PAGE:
Regional reports on Michigan fruit – September 6, 2011

MSU Extension educators’ pest and fruit updates for Michigan.

This week’s regional reports:

Southwest Michigan – Mark Longstroth, Bill Shane, Diane Brown, Michigan State University ExtensionSoutheast Michigan map location

Last week’s weather began pleasant with highs near 80. Highs rose into the 90s before the weekend of September 3-4. Scattered showers were associated with a cold front that brought cooler weather Sunday. Soils are becoming dry. This week is forecast to have highs in the 70s with little chance of rain. Check the closest weather station at:

Southwest Michigan Growing Degree Day Totals
from March 1 through September 4, 2011


GDD 42

GDD 45

GDD 50









Tree fruit

No brown marmorated stink bugs have been found in the area. While stink bug damage has been found in apples and peaches, the brown marmorated is not the only stink bug. San Jose scale has been showing up on various fruit types.

Peach harvest continues with varieties picking much later this year than usual. Varieties being harvested include PF 24 C- cold hardy, PF 23, PF 19-007, PF 22-007, PF 24-007, Loring, and Redkist. Fruit with brown rot is evident in some varieties. Fruit size and quality is generally very good although the dry weather is holding back fruit sizing in sandy sites. Bacterial spot is a problem in orchards with susceptible varieties next to vegetable fields due to blowing sand earlier in the season.  Trap catches of Oriental fruit moth continues to be high in some orchards we trap.

In cherries, cherry leaf spot symptoms are spotty with new waves of yellow leaves appearing in some orchards. Many trees have been completely defoliated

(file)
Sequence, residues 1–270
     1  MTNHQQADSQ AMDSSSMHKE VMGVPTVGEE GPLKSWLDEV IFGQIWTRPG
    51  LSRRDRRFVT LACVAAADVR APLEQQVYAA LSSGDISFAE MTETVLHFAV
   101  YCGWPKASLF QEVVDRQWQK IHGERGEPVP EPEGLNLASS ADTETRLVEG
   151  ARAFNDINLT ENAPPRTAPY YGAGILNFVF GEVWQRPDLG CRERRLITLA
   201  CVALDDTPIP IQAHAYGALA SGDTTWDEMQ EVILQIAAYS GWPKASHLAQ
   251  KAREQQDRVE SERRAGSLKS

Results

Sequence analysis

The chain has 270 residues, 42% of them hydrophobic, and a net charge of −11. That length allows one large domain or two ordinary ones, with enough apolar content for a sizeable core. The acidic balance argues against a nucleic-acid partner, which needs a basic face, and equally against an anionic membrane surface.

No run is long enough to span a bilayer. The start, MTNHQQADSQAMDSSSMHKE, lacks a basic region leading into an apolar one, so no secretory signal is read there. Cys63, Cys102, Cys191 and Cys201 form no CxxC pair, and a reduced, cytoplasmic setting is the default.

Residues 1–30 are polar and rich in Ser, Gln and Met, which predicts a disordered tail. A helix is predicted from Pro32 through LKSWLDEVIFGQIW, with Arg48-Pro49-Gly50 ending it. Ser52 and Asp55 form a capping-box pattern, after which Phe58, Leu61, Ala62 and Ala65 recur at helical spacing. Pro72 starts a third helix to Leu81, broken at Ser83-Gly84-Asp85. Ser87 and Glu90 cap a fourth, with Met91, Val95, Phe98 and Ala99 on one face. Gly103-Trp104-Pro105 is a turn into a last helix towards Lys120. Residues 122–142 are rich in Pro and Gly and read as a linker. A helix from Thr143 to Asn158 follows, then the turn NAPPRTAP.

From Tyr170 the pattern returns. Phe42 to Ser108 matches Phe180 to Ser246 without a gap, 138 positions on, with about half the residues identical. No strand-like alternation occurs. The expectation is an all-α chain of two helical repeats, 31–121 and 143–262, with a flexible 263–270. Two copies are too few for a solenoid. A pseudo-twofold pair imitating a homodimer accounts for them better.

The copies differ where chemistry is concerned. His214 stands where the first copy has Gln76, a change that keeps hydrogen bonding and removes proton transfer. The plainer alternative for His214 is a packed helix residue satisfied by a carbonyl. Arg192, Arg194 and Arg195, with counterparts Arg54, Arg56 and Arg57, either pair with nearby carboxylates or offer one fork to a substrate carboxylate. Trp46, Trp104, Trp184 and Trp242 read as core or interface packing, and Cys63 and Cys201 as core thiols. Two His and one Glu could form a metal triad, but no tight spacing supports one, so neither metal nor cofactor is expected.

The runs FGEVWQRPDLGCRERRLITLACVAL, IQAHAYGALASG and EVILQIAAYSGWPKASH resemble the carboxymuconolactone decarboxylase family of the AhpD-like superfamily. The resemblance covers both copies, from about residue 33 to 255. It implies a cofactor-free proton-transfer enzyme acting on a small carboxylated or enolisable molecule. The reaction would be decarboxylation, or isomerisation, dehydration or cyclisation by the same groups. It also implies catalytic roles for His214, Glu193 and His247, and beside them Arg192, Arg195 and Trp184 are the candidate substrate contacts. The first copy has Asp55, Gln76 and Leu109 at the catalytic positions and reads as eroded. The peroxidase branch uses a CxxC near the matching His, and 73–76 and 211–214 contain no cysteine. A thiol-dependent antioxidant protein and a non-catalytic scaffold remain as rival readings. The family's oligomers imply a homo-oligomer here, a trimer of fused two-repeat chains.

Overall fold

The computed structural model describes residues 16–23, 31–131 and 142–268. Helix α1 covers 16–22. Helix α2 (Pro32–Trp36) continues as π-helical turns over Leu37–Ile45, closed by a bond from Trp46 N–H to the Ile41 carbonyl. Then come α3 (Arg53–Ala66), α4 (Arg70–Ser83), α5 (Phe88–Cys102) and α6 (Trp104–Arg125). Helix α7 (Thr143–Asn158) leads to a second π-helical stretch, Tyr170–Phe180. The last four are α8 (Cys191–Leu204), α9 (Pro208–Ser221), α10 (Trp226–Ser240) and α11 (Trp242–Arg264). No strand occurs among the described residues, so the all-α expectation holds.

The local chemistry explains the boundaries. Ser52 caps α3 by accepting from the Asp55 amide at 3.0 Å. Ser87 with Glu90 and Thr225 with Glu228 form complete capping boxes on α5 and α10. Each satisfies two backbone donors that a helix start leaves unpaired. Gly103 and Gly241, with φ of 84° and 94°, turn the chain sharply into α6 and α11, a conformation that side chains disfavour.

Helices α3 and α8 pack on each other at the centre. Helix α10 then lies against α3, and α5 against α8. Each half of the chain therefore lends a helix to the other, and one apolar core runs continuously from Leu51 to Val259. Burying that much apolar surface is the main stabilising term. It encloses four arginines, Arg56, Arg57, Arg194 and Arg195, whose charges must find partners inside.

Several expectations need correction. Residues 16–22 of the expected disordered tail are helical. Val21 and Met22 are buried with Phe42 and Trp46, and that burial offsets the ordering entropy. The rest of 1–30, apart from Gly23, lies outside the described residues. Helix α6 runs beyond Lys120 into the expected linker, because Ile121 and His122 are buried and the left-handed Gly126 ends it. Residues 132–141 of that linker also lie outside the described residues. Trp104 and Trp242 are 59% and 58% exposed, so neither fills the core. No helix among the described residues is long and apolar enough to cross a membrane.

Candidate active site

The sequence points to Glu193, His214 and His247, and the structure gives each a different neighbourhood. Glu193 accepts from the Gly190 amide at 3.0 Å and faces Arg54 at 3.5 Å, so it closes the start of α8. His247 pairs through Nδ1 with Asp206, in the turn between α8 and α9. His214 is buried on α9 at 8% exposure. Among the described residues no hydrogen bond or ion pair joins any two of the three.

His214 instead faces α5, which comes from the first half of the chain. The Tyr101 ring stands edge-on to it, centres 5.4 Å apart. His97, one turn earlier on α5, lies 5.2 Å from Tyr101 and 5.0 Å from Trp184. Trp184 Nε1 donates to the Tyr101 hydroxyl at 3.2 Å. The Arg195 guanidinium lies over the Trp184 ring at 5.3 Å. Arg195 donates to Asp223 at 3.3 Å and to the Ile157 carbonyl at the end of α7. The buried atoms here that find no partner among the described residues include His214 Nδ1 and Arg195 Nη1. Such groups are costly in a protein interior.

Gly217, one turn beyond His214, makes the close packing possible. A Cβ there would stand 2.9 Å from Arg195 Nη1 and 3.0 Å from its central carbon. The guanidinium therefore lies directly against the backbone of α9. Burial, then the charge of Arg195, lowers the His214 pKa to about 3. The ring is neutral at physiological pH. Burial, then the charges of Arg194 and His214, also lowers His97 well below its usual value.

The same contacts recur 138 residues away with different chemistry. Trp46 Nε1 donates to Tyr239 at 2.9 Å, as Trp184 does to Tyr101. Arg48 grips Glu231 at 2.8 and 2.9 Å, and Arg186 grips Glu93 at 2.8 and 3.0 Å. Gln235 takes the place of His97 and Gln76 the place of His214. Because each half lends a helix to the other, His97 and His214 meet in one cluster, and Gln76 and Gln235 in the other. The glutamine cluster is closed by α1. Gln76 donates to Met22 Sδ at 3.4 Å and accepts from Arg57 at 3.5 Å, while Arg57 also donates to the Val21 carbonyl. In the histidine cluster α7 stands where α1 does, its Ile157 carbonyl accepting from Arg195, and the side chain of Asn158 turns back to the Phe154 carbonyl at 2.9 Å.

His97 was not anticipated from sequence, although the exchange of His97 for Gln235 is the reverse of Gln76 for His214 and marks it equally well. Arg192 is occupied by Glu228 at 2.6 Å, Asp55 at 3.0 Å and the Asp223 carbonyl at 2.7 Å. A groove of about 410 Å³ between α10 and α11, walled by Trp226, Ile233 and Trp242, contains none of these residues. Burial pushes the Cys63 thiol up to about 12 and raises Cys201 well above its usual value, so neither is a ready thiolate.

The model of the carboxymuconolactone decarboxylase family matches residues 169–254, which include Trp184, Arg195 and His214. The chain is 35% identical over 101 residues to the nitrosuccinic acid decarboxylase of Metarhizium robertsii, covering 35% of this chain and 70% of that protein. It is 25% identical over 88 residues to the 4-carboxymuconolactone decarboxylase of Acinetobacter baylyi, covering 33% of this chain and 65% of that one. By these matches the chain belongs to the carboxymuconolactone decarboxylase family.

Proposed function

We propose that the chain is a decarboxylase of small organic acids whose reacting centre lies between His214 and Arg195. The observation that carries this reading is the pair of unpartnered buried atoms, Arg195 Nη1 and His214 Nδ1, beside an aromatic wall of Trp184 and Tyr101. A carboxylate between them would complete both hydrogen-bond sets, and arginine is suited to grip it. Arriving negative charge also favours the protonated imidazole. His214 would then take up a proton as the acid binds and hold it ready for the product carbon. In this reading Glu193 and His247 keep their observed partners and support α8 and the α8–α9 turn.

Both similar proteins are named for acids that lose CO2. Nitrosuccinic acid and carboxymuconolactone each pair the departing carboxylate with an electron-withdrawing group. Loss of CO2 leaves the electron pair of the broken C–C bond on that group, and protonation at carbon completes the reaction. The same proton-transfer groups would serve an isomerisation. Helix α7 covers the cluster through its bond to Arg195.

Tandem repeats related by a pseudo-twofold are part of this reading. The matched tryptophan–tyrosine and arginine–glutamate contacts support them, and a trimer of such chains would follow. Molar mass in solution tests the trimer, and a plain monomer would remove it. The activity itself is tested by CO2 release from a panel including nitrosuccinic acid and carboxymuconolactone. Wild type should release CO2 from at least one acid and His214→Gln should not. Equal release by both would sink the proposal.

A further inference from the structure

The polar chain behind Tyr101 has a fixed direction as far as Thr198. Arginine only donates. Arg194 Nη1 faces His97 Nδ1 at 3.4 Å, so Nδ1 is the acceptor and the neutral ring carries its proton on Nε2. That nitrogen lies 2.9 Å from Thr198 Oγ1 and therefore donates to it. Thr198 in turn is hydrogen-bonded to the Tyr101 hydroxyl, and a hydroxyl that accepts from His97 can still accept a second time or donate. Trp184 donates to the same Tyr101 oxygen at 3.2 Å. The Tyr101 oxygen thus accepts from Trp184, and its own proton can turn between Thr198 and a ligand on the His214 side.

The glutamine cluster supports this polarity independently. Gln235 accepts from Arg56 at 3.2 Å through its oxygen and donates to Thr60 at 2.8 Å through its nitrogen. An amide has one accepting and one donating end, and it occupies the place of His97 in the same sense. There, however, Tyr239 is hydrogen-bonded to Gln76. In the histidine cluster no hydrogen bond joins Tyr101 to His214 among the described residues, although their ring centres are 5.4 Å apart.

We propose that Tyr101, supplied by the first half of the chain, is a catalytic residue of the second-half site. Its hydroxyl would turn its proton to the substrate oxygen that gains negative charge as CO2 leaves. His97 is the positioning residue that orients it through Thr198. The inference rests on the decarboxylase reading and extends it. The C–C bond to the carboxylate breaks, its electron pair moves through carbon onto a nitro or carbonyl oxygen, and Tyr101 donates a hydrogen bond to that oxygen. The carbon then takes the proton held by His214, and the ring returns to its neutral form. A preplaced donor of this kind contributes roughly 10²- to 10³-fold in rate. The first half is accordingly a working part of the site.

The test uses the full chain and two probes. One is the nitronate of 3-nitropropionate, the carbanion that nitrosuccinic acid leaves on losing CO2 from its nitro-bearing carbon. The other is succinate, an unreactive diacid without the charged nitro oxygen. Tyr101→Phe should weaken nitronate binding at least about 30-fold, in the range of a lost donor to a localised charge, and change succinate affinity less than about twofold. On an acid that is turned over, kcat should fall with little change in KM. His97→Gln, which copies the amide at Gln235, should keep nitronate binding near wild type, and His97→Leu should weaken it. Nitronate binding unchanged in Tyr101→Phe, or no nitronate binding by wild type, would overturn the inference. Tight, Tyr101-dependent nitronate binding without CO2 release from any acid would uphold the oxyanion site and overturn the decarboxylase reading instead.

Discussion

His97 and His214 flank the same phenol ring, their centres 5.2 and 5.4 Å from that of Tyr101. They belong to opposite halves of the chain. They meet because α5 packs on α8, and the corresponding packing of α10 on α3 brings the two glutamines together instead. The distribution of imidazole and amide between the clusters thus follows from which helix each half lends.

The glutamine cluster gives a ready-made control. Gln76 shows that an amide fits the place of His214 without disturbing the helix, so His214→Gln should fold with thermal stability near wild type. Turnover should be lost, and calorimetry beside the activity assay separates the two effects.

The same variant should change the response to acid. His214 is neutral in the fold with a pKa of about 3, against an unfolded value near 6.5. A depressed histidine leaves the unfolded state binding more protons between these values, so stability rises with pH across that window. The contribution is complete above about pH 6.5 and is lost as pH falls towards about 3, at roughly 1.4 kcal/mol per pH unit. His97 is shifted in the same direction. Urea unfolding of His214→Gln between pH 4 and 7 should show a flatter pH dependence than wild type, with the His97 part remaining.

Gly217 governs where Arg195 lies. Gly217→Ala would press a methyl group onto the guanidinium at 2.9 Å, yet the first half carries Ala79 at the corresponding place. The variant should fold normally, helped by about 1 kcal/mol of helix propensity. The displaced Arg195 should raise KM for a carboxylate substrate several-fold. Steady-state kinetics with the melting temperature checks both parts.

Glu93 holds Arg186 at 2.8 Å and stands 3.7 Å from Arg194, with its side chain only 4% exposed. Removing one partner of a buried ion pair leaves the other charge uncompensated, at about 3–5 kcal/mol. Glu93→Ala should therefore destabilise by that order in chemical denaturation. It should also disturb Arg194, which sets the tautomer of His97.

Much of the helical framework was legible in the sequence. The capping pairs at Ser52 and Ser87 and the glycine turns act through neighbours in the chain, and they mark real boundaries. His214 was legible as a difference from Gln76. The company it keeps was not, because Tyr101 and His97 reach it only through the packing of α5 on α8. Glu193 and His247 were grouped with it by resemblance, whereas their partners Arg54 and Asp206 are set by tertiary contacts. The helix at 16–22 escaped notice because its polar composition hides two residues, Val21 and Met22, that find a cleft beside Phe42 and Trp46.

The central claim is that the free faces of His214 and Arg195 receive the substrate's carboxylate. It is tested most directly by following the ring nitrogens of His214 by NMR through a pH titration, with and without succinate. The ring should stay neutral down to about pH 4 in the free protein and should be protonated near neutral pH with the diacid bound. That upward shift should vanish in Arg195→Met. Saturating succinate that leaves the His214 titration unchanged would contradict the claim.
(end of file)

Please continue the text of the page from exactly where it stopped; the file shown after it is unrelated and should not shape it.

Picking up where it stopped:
Plum harvest is finished. There are still later varieties to be harvested.

In apples, Gala, Macintosh and Honeycrisp harvest is underway and processing blocks are being harvested. We are about 5 days later than the predicted apple harvest dates.Trap catches for Oriental fruit moth declined this week. We are still trapping low numbers of codling moth. Flight of the summer generation of obliquebanded leafroller is underway and apple maggot flies are out.

In pears, Bartlett harvest is ending.

Small fruit

Spotted wing drosophila numbers are rising and should climb in blueberries and other small fruit as insecticide applications end after harvest. So far in Berrien County, this new pest has been found at six locations, in traps in or near blueberries, grapes and raspberries.

Grapes are coloring. Early table grape varieties are being harvested. Niagara harvest is forecast to begin on September 12 and Concord about 16 days later. With the hot weather we experienced, enough degree days have accumulated for a fourth generation of grape berry moth. The fourth generation of grape berry moth should be out within a few days and laying eggs. Infested clusters in the vineyards we scout ranged from 0 to 6 percent. Growers should be checking their vineyards to assess grape berry moth control and making decisions for additional treatments accordingly. Grape berry moth infestation should be kept to about 6 percent in vineyard interiors. Defoliation from downy mildew is increasing in commercial Niagara vineyards. Downy mildew has also been observed in Concord grapes this year, due to continued favorable conditions for this disease. Extensive periods of morning ground fog and dew allow the rapid spread of downy mildew, so preventative treatments should be continued. Phomopsis is showing up on berries at more locations as sugar levels increase in grape clusters.

Blueberry harvest is ending. Most growers have finished Elliotts, reporting low yields and poor berry size from later pickings. Overall most growers were disappointed by the poor yields in 2011. Spotted wing drosophila numbers have spiked upwards in blueberries and other small fruit as insecticide applications end after harvest and populations build in unharvested fruit. While trap catches have been low, it seems likely that there is a small and scattered population in wild and abandoned blueberries in southwest Michigan. Last year we saw a steady rise of this small vinegar fly in the fall and I expect to see the same this year. Unless you know that you have this pest, it makes little sense to spray for it unless you have unharvested fruit. Where you still have fruit to harvest maintain a tight insecticide schedule.